This isn’t the first time Guangfu House Church has experienced persecution. Last May, three Christians from the church were summoned by the Baiyun District Public Security Bureau and were accused of preaching the Gospel to passersby.

On that occasion, the believers were told that their gatherings were illegal. As a result, the landlord of the building where the church met was pressured to the point of cancelling the church’s lease.
In addition, the water and electricity in a home that Mark had purchased to host meetings in were cut for almost a year.

Mark also said that Guangfu House Church has heard of another local house church have received warnings from police.
Neihuang County, Henan

In addition to persecution in Guangdong, believers in Neihuang County in China’s central Henan told ChinaAid that the Neihuang County Public Security Bureau, Religious Affairs Bureau and other government agencies have pressured believers so much that many are afraid to participate in church services.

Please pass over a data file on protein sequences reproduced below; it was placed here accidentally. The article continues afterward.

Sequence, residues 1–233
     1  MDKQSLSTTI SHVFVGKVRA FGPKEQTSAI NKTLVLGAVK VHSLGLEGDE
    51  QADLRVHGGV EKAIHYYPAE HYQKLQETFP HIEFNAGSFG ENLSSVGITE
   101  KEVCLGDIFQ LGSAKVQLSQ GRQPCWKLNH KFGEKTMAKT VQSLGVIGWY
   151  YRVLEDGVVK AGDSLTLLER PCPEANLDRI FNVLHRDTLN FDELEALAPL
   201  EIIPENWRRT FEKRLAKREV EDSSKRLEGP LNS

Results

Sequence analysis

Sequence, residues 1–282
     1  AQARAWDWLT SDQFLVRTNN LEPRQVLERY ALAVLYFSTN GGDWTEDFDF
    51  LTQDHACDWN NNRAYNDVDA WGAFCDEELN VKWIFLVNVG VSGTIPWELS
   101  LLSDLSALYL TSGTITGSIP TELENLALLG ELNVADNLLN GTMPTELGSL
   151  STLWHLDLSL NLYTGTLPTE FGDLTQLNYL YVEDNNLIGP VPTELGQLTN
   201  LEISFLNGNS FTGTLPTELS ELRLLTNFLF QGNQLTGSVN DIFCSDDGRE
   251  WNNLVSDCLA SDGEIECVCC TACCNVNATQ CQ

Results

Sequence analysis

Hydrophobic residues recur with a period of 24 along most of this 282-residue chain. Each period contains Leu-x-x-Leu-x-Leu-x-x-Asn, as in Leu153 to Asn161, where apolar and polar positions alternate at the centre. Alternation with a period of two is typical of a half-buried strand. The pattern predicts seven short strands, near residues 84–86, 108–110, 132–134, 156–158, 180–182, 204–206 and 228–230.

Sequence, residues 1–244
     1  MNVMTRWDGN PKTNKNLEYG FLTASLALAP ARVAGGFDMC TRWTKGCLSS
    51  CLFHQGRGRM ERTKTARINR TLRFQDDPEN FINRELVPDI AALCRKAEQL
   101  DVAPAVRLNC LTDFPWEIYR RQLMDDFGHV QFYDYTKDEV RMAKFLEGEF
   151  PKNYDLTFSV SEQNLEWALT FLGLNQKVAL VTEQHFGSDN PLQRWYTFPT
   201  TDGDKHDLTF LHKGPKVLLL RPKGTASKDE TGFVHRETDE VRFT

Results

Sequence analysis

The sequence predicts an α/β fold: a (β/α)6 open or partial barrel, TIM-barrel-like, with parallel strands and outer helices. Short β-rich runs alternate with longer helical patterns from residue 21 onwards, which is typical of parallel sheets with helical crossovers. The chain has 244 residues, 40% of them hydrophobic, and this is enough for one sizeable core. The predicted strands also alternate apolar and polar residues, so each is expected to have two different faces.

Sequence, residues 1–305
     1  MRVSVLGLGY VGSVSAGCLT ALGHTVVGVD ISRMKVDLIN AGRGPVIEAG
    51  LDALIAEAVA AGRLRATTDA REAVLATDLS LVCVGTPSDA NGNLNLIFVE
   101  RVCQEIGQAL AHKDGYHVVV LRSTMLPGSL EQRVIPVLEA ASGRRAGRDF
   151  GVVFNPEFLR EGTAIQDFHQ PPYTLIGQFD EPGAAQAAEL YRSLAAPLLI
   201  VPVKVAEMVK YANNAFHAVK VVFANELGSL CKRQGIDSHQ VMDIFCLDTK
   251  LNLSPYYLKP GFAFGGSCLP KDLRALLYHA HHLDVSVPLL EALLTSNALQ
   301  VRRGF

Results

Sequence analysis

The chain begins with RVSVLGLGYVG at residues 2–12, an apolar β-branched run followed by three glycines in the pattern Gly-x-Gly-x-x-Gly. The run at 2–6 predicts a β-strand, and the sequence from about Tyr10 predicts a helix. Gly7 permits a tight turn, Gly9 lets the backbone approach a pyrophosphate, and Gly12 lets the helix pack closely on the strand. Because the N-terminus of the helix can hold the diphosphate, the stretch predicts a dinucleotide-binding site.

“They dare not come to the gatherings,” one believer said. “When people from the Religious Affairs Bureau come, many of the believers dare not come out. Some people in the town risk their lives to come to the gatherings(Source).”

Bloodshed Continues in Nigeria as Boko Haram Attacks Christians


1/29/2014 Nigeria (Morning Star News) - Authorities suspected Islamic extremist group Boko Haram was responsible for an attack on a Catholic church service in Adamawa state on Sunday (Jan. 26) that reportedly left 45 people dead.

Sources told Morning Star News that 22 bodies were recovered from the church building in Waga Chakawa village, other church members were killed while trying to escape and still more were slain later in nearby bushes after being taken hostage. Of the 45 people reportedly killed, two were policemen. The total number of those killed who were taking part in the church service was unknown.